A few months ago, I read Mark Seidenberg’s “Language at the Speed of Sight.” Seidenberg is a psychologist who studies reading, and his book is remarkably intelligent, frank, and witty. I think there is an occasional mistake or ambiguity here and there, but overall I was mesmerized.

Typically, I don’t do reviews here and don’t intend to today. Instead, I have pulled several incisive quotes from the text that captured my attention (there were many more, I assure you), and I have added comments of my own. I hope you and your colleagues will read these quotes and discuss them, and, perhaps, as a result, some of you might choose to read the whole book—it’s well worth it.

As you can see from these quotes, Professor Seidenberg has a great deal of knowledge about reading and a sharp tongue, willing to write the truth, even if it is a truth that some may not like to hear.

If you are interested in this book, it is on the recommended book list on my site.
User avatar
Debbie_Hepplewhite
Posts: 1878
Joined: Sat May 23, 2015 4:42 pm

Re: Mark Seidenberg's 'Language at the Speed of Sight'

Postby Debbie_Hepplewhite » Wed Jan 03, 2018 2:15 pm

Mark Seidenberg is interviewed by Hayley Glatter in The Atlantic:

https://www.theatlantic.com/education/a ... ap/506498/

The Ignored Science That Could Help Close the Achievement Gap

There’s a body of research on cognitive reading processes, so why isn’t it being utilized?
User avatar
Debbie_Hepplewhite
Posts: 1878
Joined: Sat May 23, 2015 4:42 pm

Re: Mark Seidenberg's 'Language at the Speed of Sight'

Postby Debbie_Hepplewhite » Mon Feb 12, 2018 2:51 pm

I'm cross-referencing this thread to an interview piece with Mark Seidenberg:

viewtopic.php?f=3&t=969&p=1880#p1880
User avatar
Debbie_Hepplewhite
Posts: 1878
Joined: Sat May 23, 2015 4:42 pm

Re: Mark Seidenberg's 'Language at the Speed of Sight'

Postby Debbie_Hepplewhite » Fri Jun 29, 2018 11:33 pm

Terry Stoops, Director of Education Studies at the John Locke Foundation, comments on Mark Seidenberg's analysis of illiteracy in the USA in Mark's book 'Language at the Speed of Sight':

Teacher Training and the Construction of Illiteracy


https://www.jamesgmartin.center/2018/06 ... lliteracy/

In the United States, only a fortunate few acquire reading proficiency. Scores on the National Assessment of Educational Progress (NAEP) have barely budged since 2002. On the 2016 Progress in International Reading Literacy Study (PIRLS), the U.S. average reading score for fourth-grade students trailed 12 education systems and was not significantly different than 15 others. PIRLS test scores have also seen no measurable improvement since 2001. Similarly, the average score of 15-year-old students on the 2015 Program for International Student Assessment (PISA) reading test was lower than 14 education systems and was not measurably different than the international average—or from the 2003 average score.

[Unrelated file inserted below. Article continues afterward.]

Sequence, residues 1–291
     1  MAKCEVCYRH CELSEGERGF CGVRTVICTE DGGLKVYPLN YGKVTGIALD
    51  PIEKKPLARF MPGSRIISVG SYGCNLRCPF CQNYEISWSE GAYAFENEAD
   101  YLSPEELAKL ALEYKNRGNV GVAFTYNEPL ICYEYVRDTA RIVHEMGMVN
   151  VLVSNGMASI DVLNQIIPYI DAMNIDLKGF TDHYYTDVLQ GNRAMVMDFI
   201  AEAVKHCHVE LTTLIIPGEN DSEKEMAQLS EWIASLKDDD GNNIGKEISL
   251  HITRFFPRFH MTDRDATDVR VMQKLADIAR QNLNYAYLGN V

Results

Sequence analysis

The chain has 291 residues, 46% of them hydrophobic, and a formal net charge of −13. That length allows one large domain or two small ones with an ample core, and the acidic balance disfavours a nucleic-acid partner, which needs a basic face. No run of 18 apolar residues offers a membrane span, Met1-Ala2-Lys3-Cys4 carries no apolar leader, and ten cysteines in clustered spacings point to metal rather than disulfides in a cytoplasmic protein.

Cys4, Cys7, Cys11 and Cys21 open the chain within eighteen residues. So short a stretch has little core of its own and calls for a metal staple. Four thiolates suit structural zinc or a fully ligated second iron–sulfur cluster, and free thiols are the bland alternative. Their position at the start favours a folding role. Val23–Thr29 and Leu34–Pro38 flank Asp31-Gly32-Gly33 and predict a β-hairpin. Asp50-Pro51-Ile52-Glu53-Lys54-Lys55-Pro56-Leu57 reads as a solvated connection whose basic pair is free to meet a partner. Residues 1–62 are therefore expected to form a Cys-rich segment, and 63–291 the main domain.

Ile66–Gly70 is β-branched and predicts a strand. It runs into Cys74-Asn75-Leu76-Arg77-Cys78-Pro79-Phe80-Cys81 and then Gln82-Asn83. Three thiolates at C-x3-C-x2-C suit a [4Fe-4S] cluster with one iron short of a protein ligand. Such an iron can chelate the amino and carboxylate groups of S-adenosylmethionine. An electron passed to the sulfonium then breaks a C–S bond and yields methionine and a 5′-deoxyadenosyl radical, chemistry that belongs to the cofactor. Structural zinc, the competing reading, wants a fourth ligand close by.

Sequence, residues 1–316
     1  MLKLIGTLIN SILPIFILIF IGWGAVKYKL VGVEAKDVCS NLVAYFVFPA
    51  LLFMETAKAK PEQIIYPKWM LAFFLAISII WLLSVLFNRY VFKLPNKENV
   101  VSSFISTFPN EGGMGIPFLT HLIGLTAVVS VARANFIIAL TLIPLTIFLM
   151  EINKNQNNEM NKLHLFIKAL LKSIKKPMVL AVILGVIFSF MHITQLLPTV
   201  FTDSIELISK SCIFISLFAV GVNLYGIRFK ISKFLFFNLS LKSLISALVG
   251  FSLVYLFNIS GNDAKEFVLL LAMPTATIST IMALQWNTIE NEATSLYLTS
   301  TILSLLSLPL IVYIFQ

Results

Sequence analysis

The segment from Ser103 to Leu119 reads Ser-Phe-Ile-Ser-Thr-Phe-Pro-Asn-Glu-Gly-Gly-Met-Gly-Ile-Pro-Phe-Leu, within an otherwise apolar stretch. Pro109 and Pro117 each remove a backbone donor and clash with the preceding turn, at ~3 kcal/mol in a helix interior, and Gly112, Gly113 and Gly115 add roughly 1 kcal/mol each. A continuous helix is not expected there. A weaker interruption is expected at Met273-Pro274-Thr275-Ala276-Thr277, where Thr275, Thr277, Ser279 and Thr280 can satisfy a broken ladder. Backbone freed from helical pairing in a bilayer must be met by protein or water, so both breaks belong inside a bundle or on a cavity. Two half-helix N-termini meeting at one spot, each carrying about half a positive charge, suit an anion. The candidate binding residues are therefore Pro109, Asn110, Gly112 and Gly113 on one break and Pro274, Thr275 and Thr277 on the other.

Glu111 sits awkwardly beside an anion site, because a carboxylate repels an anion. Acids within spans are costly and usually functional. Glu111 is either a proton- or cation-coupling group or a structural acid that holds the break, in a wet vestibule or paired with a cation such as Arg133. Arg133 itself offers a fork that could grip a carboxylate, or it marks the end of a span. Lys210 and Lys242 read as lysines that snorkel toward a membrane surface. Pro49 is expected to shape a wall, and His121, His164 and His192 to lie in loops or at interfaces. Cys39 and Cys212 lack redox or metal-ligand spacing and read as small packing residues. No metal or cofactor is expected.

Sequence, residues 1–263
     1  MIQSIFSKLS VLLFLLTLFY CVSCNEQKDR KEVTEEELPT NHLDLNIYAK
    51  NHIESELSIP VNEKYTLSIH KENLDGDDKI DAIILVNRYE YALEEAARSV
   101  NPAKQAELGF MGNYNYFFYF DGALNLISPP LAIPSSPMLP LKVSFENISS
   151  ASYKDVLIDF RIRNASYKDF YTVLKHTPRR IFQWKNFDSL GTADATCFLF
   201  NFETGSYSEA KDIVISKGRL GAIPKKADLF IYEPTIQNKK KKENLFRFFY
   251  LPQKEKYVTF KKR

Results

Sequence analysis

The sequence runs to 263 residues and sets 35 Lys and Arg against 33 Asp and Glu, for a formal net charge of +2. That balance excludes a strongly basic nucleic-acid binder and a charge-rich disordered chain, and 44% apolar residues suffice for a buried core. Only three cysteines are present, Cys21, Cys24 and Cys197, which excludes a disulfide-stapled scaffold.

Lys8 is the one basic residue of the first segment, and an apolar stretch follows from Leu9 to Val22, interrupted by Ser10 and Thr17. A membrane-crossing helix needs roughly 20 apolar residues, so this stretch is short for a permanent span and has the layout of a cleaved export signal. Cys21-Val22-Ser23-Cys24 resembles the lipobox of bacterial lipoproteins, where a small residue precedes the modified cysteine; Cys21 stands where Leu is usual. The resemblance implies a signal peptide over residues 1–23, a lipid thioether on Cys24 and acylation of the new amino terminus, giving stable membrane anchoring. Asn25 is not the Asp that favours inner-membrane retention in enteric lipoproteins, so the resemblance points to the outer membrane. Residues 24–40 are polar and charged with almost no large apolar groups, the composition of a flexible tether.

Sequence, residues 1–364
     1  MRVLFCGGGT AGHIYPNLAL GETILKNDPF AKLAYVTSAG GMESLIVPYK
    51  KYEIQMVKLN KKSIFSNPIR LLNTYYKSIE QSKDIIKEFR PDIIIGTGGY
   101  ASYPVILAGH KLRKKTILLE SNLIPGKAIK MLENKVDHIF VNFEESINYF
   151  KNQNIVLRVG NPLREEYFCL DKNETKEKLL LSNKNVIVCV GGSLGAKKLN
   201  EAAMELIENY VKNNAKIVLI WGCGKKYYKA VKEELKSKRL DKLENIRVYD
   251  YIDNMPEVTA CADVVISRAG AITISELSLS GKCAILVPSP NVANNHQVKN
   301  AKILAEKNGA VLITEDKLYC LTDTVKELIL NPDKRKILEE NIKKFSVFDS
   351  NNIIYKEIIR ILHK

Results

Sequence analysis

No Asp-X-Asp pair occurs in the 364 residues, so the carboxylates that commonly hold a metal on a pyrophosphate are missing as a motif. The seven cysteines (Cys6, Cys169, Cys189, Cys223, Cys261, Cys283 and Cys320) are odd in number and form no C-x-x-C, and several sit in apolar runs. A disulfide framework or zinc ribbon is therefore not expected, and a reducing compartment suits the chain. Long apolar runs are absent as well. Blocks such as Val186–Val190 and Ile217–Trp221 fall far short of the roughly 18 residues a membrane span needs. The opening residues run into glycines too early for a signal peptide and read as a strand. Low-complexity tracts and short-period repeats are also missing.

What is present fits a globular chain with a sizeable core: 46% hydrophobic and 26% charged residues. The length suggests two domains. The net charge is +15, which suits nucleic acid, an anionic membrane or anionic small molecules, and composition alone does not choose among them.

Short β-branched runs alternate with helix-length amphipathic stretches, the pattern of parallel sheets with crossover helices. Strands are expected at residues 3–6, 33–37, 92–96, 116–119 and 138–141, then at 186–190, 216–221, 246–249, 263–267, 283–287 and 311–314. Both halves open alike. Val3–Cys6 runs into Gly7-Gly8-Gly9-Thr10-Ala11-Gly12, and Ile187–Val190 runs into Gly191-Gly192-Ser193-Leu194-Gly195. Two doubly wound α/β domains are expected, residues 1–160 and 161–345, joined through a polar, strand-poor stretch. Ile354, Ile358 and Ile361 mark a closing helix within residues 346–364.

In Language at the Speed of Sight: How We Read, Why So Many Can’t, And What Can Be Done About It, Mark Seidenberg, a cognitive neuroscientist at the University of Wisconsin-Madison, takes these test results and other indicators of functional illiteracy seriously. Rather than dismiss the scores from reputable reading tests, he argues that they indicate deeply embedded and systematic shortcomings in how college teacher training programs prepare prospective educators.

It would be misleading to characterize the book as merely an examination of teacher education, pedagogy, or education policy. Seidenberg devotes much of Language at the Speed of Sight to discussing what he has spent a long and distinguished career researching: the science of reading.

In just a handful of chapters, he summarizes an immense body of scientific literature about the acquisition and development of reading skills, dysfunctions that may occur during the process, and the environmental, social, and cognitive barriers to mastery. He recognizes, however, that little of what researchers know about the science of reading informs the training of teachers or their instructional practices. In the final three chapters of the book, Seidenberg explores the disconnect between literacy science and public schooling, and what can be done to address it.
User avatar
Debbie_Hepplewhite
Posts: 1878
Joined: Sat May 23, 2015 4:42 pm

Re: Mark Seidenberg's 'Language at the Speed of Sight'

Postby Debbie_Hepplewhite » Sat Feb 16, 2019 6:49 pm

Video footage of Mark Seidenberg via the National Center for Improving Literacy:

What has scientific research taught us about how children learn to read?

Submitted by: Parents & Families

Posted on: 02/14/2019 - 1:46pm

Topic: Beginning Reading, Interventions


https://improvingliteracy.org/ask-an-ex ... learn-read

Return to “Research and Recommended Reading”

Who is online

Users browsing this forum: No registered users and 4 guests